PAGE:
• Top-down testing

    • Start with high-level system

    • integrate from the top-down replacing individual components by stubs where appropriate

      • Depth-first

      • Breadth-first

      • No-best order

        • Critical sections

        • Early skeletal version using I/O modules

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Stubs

  • Stubs

    • Special module to simulate some functionality

    • Its production is nontrivial task because the code may simulate a very complicated tasks

      • E.g.

        • Writing a stub performing a database table search routine

    • Creating multiple version of same stub for various reasons

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Top-down testing

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Top-down: Complications

  • The most common complication occurs when processing at low level hierarchy demands adequate testing of upper level

  • To overcome:

    • Either, delay many tests until stubs are replaced with actual modules (BAD)

    • Or, develop stubs that perform limited functions that simulate the actual module (GOOD)

    • Or, Integrate the software using bottom up approach

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Incremental testing: Bottom up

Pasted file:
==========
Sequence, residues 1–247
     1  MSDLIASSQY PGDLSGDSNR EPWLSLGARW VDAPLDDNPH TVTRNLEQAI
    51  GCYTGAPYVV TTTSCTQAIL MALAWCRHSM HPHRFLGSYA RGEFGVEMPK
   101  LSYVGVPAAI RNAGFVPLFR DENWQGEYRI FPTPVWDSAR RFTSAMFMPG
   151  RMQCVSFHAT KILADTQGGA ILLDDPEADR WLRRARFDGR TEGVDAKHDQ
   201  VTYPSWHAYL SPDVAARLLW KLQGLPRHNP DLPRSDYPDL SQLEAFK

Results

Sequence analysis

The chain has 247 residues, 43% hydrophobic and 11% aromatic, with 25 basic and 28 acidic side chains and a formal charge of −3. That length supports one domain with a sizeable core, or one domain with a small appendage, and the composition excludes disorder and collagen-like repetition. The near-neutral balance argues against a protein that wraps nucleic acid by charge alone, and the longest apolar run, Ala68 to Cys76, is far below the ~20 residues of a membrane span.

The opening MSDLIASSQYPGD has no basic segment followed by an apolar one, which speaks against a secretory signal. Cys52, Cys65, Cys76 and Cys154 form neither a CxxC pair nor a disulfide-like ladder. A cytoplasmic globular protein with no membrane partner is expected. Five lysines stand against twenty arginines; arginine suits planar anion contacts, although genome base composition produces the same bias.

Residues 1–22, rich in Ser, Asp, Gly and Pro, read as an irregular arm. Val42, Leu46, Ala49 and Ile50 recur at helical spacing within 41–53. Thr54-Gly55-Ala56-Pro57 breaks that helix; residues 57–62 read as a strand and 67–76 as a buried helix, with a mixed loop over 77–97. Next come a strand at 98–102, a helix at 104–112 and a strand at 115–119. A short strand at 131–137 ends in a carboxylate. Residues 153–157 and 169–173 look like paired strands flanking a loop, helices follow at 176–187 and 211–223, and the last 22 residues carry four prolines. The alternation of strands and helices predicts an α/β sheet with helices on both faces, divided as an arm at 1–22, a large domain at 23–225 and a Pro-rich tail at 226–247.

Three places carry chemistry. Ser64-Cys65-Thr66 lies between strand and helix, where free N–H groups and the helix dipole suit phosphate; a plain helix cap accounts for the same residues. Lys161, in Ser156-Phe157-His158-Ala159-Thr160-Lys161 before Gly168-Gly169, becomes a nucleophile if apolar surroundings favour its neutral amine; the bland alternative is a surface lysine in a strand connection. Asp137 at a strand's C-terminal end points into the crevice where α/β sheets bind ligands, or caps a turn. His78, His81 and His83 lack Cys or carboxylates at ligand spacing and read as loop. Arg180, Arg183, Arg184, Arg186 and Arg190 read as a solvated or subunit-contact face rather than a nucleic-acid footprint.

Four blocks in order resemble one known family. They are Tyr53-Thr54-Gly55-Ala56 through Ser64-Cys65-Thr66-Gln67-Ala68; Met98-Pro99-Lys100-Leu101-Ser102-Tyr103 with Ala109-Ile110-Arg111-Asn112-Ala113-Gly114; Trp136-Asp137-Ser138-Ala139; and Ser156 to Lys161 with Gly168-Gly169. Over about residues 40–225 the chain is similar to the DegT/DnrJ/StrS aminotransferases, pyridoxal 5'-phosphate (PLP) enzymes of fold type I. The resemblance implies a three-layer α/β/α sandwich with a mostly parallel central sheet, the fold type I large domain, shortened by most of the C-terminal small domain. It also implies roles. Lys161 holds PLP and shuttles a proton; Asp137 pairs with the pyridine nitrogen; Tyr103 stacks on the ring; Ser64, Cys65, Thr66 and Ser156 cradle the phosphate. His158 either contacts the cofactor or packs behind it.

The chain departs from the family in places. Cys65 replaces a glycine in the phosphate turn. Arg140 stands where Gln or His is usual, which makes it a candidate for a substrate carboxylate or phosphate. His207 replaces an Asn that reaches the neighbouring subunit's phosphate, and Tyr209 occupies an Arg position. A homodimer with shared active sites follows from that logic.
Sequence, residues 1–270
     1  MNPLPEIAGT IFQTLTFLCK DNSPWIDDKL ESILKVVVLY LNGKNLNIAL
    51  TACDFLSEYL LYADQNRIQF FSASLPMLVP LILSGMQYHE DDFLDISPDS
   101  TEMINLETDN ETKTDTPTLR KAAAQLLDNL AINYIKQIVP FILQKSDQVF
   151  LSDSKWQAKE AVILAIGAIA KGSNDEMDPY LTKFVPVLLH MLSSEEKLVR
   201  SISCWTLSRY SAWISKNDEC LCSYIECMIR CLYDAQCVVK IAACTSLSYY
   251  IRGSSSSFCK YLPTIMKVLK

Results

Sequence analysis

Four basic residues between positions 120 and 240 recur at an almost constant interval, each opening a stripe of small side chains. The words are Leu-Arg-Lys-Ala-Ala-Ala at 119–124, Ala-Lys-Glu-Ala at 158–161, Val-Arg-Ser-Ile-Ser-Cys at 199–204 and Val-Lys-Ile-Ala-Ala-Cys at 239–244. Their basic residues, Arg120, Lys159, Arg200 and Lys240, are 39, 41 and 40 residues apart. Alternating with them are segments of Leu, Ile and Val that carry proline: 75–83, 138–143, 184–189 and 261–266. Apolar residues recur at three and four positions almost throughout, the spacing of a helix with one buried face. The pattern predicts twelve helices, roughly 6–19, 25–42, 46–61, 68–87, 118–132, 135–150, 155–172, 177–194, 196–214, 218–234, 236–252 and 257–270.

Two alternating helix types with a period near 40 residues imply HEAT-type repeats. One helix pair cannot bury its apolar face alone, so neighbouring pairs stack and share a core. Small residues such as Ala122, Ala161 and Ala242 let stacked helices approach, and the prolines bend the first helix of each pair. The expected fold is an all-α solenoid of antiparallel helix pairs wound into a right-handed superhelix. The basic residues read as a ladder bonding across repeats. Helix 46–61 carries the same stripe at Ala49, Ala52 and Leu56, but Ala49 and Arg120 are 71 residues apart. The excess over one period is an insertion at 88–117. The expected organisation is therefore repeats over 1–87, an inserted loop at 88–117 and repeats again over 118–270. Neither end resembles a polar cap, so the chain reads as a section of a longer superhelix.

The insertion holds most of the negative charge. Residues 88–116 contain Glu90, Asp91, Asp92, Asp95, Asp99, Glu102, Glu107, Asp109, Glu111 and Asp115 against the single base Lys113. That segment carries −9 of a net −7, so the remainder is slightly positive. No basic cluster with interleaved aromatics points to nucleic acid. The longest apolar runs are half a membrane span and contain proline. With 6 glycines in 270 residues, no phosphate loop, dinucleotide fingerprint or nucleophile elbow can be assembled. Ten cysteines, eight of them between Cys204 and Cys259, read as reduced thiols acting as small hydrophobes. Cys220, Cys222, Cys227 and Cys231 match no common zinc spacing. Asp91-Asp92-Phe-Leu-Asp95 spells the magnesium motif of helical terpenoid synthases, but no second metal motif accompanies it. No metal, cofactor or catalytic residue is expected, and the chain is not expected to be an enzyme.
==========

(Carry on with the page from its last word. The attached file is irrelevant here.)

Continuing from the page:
• Bottom-up testing

    • Integrate individual components in levels until the complete system is created

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Bottom-up approach

  • Starts with construction and testing with atomic modules

    • No need for stub

    • Low level components are combined into cluster (or builds) to perform a specific sub-function

    • A driver (a control program for testing) is written

      • Contain hardcoded test input, calls the module being tested, and display the results

    • Cluster is tested

    • Drivers are removed and clusters are combined moving upward in the program structure

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Bottom-up testing

M

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Guideline for Integration testing

  • Integrate the components that implement the most frequently used functionality

  • Perform regression testing for old features

  • Perform progression testing for new features

  • Study the Architecture design of the Application

    • identify the Critical Modules.

  • Obtain the interface designs from the Architectural team and create test cases to verify all of the interfaces in detail.